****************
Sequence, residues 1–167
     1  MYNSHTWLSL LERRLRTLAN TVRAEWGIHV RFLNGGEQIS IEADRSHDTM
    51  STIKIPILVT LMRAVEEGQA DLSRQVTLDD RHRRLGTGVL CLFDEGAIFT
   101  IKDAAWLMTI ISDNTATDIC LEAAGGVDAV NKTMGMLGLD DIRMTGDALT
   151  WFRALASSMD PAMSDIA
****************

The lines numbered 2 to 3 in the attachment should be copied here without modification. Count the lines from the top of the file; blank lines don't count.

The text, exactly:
     1  MYNSHTWLSL LERRLRTLAN TVRAEWGIHV RFLNGGEQIS IEADRSHDTM
    51  STIKIPILVT LMRAVEEGQA DLSRQVTLDD RHRRLGTGVL CLFDEGAIFT